Background. Children undergoing cancer treatment face a number of emotional, physical, and other problems leading to distress that need to be identified in a timely fashion. Regular assessment of patients’ and their caregivers’ psychosocial health care needs during the patients’ hospital stays has become the standard of psychological care.
Objective. This study was conducted to determine the validity of the Distress Rating Scale (DRS) on a Russian pediatric sample. The DRS appeared to be a reliable pediatric measure of patients’ distress level.
Design. One hundred fifty-nine (159) children of ages 7-17 with cancer and blood disorders, 153 caregivers, and 51 physicians were included in our study. Forty-five families were re-assessed as a test-retest group after a four-week interval. The DRS was validated through the use of the Children's Depression Inventory (CDI) by M. Kovacs and by the Pediatric Quality of Life Inventory (PedsQL 4.0).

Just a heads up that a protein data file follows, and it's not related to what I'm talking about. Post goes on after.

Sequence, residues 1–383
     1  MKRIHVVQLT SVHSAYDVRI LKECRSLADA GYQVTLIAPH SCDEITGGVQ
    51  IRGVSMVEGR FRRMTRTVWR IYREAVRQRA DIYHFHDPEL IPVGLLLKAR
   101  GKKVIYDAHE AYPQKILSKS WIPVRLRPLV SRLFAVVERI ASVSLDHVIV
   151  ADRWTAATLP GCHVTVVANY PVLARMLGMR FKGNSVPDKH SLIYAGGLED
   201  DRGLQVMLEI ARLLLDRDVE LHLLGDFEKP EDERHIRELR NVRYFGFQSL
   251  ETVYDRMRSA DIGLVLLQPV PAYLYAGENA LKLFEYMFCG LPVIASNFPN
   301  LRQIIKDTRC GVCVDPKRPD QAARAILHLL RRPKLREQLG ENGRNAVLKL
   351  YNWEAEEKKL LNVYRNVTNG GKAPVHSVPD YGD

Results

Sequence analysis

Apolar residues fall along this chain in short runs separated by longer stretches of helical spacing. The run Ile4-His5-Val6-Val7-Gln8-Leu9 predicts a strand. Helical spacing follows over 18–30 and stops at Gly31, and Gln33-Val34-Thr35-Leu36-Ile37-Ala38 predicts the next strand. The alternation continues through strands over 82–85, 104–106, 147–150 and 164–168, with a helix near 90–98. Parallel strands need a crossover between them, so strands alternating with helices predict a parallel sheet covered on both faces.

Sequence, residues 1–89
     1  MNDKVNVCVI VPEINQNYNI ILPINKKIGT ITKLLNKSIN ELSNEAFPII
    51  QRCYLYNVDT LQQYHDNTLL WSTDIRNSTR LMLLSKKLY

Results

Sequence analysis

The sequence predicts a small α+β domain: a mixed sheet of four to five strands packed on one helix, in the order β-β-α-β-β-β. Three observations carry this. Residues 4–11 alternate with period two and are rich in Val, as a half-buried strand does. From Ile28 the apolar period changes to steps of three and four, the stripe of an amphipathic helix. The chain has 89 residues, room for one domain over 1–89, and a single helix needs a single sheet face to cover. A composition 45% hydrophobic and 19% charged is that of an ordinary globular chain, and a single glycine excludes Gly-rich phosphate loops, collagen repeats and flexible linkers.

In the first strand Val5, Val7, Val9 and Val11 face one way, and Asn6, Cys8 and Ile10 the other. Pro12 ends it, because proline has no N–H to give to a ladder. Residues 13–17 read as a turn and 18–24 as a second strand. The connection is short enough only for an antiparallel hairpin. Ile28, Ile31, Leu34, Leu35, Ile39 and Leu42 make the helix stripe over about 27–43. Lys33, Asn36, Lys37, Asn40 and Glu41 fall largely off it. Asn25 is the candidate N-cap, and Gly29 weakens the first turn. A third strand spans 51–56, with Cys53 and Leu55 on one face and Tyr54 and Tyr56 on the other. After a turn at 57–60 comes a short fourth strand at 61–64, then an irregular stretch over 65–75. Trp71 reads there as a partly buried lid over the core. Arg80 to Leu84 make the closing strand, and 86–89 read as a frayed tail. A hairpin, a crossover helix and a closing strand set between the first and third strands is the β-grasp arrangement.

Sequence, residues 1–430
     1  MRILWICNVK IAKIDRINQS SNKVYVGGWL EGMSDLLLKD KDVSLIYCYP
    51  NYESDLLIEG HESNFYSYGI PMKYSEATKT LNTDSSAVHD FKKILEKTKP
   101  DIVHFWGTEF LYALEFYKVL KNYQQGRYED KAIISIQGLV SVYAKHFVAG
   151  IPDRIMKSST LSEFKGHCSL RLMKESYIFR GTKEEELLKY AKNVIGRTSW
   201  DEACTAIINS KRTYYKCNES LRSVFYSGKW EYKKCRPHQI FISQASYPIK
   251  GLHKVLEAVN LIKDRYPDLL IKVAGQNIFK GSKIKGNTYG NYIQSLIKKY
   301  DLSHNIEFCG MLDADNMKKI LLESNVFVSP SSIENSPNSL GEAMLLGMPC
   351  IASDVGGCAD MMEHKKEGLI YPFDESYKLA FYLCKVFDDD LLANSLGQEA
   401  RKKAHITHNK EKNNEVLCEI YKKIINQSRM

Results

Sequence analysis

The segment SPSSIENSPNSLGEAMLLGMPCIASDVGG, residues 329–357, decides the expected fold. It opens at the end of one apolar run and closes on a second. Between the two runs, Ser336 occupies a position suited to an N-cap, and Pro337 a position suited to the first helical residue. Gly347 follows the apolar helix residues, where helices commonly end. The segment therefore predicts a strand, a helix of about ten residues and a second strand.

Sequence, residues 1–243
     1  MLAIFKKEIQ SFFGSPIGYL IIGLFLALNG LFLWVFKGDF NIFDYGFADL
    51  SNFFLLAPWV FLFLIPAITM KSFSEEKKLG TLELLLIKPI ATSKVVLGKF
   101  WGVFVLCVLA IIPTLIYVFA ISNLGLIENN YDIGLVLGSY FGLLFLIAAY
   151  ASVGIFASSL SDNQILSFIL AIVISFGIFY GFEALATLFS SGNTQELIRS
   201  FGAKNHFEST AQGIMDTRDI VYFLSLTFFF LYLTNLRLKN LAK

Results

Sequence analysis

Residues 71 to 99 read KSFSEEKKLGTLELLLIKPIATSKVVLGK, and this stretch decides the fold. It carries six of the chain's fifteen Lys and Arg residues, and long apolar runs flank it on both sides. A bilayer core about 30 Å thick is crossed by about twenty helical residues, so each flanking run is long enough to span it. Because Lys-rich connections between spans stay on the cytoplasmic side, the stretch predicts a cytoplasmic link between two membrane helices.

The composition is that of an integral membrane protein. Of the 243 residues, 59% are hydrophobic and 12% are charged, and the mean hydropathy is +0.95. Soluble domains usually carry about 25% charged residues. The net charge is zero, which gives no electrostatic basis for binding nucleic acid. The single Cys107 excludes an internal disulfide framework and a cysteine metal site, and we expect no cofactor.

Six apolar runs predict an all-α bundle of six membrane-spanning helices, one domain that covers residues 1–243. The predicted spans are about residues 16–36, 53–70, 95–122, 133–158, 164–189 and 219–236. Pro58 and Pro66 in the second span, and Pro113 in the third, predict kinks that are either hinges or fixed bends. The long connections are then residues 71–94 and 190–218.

Results. The convergent validity of the DRS's Russian version was shown by the reasonable agreement between the children's distress level and standardized measure scores. The criterion validity was demonstrated by significant correlations between the children’s DRS self-reports, and those of their parents and physicians. The robustness and consistency of the results in the primary and repeated assessments between the DRS, the CDI, and the PedsQL, proved the reliability of the scale. Age-specific cut-off scores were determined.
Conclusion. The Russian version of the DRS is a valid tool for rapid and reliable assessment of children’s emotional distress in order to identify their needs for psychological assistance in a timely manner.
Keywords: oncology; pediatric; distress; screening; thermometer; validation; psychological adjustment, Distress Rating Scale (DRS)